Label: Great Squirrel Robbery

March 15, 2013

 I have been struggling all week with how to keep squirrels from breaking into my "squirrel proof" bird feeder and eating all the food. I tried strong packing tape to keep the top on, and then I tried locking the top down with bungee cords. The squirrels quickly and easily broke through both. 

OK, let me think about this. Squirrels have sharp teeth and they were easily able to bite through the packing tape and the bungee cords. But squirrels can’t bite through steel and they can’t bite through the bars of the feeding cage. 

What do I have that is steel and that is easy to put on and take off? Of course, I thought. Paper Clips! Big ones! Don’t try to hold the top down, just use the clips to prevent the squirrels from picking up the top.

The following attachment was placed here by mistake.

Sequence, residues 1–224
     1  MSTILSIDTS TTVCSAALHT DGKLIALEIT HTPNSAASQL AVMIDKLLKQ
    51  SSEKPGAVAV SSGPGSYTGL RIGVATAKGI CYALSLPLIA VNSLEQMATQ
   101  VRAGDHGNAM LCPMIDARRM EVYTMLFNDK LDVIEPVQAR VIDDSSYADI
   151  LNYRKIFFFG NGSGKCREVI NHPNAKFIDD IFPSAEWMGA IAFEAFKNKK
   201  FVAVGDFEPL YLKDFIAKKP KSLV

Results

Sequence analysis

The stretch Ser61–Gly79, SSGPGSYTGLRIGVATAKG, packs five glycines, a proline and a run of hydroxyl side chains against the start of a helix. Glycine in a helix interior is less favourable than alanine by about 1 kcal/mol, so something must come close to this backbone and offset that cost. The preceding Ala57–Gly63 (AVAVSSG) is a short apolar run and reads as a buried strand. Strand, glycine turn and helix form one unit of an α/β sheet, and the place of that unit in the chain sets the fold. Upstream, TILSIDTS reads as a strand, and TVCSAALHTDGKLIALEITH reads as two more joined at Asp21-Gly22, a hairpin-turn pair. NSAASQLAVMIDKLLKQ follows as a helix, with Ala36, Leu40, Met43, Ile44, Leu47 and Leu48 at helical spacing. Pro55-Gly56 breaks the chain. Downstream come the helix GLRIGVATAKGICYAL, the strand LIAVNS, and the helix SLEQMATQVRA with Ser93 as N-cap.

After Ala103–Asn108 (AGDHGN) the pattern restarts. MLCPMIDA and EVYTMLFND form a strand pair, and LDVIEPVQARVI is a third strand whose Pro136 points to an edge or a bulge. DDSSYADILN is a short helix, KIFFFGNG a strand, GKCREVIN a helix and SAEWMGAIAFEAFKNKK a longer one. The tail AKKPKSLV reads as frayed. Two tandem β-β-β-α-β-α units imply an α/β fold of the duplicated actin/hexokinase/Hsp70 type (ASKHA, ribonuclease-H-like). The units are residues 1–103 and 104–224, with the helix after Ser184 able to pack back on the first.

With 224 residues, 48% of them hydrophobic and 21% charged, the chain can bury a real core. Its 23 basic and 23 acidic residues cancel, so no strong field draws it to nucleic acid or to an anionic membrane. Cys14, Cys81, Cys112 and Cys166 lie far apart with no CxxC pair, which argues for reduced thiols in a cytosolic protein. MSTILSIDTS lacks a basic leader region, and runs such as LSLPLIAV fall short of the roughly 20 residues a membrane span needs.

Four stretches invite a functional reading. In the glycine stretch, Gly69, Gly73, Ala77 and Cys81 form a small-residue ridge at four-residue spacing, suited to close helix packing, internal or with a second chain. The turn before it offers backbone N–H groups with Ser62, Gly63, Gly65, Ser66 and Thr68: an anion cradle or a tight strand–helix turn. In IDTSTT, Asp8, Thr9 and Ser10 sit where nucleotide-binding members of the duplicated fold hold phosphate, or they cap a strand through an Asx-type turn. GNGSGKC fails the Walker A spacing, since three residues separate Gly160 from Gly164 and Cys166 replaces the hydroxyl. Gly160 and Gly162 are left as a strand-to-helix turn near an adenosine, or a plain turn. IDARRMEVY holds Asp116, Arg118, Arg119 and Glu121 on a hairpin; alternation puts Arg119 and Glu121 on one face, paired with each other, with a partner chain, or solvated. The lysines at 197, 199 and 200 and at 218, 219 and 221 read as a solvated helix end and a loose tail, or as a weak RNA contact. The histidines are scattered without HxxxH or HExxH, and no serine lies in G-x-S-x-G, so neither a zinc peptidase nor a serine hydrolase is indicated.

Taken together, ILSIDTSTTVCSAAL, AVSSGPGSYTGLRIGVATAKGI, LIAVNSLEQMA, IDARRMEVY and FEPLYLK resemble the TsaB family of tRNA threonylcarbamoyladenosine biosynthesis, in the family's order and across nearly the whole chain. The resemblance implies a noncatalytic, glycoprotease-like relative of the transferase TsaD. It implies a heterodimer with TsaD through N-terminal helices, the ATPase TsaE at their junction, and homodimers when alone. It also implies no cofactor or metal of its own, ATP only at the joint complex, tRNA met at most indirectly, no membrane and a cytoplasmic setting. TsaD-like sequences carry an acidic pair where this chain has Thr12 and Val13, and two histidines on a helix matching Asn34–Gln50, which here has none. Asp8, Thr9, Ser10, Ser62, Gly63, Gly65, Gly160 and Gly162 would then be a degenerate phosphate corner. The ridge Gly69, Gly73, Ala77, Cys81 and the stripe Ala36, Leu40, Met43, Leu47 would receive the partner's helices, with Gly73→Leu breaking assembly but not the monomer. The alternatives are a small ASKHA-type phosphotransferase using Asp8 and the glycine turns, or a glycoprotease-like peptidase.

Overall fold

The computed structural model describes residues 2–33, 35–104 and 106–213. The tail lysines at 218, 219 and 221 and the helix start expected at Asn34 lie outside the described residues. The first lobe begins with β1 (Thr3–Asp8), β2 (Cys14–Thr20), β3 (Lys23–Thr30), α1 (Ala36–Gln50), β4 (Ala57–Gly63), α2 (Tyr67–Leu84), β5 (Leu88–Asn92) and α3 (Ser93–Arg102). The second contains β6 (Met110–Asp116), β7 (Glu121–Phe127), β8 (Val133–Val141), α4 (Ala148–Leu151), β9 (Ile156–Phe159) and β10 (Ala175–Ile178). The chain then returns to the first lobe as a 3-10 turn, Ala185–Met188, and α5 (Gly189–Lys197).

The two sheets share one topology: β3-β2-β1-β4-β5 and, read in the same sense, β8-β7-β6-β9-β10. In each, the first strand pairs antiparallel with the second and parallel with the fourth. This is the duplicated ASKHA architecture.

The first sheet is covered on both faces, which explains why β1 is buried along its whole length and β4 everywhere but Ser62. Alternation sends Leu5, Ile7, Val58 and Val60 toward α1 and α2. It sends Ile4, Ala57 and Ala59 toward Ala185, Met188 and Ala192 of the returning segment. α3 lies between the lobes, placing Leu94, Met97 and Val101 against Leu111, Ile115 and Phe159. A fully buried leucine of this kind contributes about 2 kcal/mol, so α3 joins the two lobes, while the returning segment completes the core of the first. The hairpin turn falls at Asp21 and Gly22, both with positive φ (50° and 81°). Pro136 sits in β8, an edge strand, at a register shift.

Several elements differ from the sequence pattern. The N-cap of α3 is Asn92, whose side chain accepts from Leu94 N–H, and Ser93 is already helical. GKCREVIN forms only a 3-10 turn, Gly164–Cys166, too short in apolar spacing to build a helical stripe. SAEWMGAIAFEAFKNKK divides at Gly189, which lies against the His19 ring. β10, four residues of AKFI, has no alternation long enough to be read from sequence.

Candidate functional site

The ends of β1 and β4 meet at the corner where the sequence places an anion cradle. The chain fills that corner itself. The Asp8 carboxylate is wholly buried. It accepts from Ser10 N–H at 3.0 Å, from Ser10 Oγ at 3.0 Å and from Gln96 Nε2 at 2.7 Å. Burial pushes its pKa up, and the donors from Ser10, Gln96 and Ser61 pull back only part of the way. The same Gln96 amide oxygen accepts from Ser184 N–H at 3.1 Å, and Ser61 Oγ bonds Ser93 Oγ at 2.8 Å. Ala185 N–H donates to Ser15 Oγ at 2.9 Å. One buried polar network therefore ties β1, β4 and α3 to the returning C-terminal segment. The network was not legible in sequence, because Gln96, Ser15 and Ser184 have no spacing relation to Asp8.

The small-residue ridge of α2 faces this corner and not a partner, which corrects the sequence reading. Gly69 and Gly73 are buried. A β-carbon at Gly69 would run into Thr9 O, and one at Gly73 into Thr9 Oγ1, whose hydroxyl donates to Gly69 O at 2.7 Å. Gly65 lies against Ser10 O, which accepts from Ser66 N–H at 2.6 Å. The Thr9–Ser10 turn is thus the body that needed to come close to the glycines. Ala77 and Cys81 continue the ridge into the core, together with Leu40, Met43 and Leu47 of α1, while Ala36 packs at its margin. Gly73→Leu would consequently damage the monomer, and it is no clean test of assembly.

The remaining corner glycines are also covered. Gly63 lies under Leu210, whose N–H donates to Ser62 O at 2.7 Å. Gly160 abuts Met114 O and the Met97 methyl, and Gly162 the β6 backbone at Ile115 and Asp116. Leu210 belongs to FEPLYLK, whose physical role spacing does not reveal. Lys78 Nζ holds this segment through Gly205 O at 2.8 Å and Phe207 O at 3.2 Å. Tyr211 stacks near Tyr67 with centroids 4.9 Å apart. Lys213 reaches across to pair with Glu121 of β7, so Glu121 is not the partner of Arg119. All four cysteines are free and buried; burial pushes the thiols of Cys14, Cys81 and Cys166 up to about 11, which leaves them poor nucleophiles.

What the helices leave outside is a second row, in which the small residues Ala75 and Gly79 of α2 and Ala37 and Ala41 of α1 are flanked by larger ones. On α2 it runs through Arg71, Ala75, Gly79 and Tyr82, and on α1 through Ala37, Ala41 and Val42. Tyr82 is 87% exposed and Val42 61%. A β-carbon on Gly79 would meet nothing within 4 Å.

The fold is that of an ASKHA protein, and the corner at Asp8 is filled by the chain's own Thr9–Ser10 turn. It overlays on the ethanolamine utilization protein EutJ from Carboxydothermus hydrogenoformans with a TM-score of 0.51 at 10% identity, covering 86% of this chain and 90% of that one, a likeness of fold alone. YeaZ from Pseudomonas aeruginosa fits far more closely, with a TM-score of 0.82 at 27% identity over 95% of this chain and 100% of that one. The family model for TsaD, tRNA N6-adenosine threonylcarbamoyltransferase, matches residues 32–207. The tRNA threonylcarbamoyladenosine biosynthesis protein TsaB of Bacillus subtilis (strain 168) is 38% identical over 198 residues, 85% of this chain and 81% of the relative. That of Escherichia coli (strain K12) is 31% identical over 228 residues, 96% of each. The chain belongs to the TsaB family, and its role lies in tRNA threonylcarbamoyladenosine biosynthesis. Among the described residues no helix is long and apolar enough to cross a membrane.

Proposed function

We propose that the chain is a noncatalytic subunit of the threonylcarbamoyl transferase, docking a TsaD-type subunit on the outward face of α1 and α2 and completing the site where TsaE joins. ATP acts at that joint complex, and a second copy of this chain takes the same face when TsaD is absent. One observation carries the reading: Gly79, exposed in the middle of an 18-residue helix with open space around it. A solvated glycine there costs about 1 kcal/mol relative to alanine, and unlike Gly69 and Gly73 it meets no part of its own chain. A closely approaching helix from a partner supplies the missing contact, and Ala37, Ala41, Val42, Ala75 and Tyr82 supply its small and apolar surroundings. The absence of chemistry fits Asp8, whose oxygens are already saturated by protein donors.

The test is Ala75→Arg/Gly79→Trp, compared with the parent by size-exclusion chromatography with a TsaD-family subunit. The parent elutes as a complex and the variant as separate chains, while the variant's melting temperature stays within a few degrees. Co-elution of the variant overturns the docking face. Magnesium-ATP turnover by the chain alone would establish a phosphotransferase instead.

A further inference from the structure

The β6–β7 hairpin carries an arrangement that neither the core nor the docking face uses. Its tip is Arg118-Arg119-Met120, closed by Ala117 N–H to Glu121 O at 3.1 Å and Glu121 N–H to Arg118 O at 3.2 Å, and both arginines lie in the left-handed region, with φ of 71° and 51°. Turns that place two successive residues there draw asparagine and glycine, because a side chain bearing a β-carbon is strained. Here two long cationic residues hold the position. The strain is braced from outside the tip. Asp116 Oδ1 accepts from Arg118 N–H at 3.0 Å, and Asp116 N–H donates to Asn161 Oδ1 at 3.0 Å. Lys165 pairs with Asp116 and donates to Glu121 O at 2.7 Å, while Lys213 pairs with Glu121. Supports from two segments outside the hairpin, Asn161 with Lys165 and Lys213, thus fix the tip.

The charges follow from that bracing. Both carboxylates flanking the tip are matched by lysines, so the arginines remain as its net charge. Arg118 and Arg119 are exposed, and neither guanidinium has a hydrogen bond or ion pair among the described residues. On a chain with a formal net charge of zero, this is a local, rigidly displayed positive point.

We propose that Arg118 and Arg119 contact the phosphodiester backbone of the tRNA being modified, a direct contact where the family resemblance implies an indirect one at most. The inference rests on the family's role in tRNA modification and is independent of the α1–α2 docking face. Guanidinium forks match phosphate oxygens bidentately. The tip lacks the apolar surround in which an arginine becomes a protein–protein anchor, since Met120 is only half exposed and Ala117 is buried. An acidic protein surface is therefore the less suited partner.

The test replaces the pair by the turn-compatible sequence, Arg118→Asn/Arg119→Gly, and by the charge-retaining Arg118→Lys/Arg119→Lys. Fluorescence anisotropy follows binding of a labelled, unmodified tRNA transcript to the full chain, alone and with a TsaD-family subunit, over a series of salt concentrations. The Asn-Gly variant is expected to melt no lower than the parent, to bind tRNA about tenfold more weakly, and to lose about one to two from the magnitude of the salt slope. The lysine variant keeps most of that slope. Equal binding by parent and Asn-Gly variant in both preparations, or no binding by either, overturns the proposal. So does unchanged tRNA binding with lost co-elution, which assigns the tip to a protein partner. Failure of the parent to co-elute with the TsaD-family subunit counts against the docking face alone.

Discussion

I put clips on both sides of the top and sure enough, they prevent the squirrels from being able to lift up the top. At least it’s worked so far. The squirrels haven’t gone in to get the seed from the feeder. But I’m not entirely convinced yet. There may be a squirrel Einstein that’s working to solve the problem of moving paper clips, and it won’t entirely surprise me to find out that the clips are gone one day soon!

Thank you for your ideas, helping me to try to solve the Great Squirrel Robbery!


Posted by: Seymour Simon

(0) Comments  •   Labels: Animals, birds, Great Squirrel Robbery   •  Permalink (link to this article)

March 14, 2013



The battle continues, as I try to keep squirrels from eating all the seed in my "squirrel proof" bird feeder. The cage-like shape is supposed to keep the squirrels out, while the birds fly right through the bars and eat.



But, the squirrels lift up the top and eat all the food. Yesterday I tried locking it down with strong packing tape, but that was no good. What should be next? An idea bounced into my head. Bungee cords! That would do it. Bungee cords are super strong and they have hooks at each end. They’ll hook right into the wires of the cage. Why didn’t I think of that first? No problem!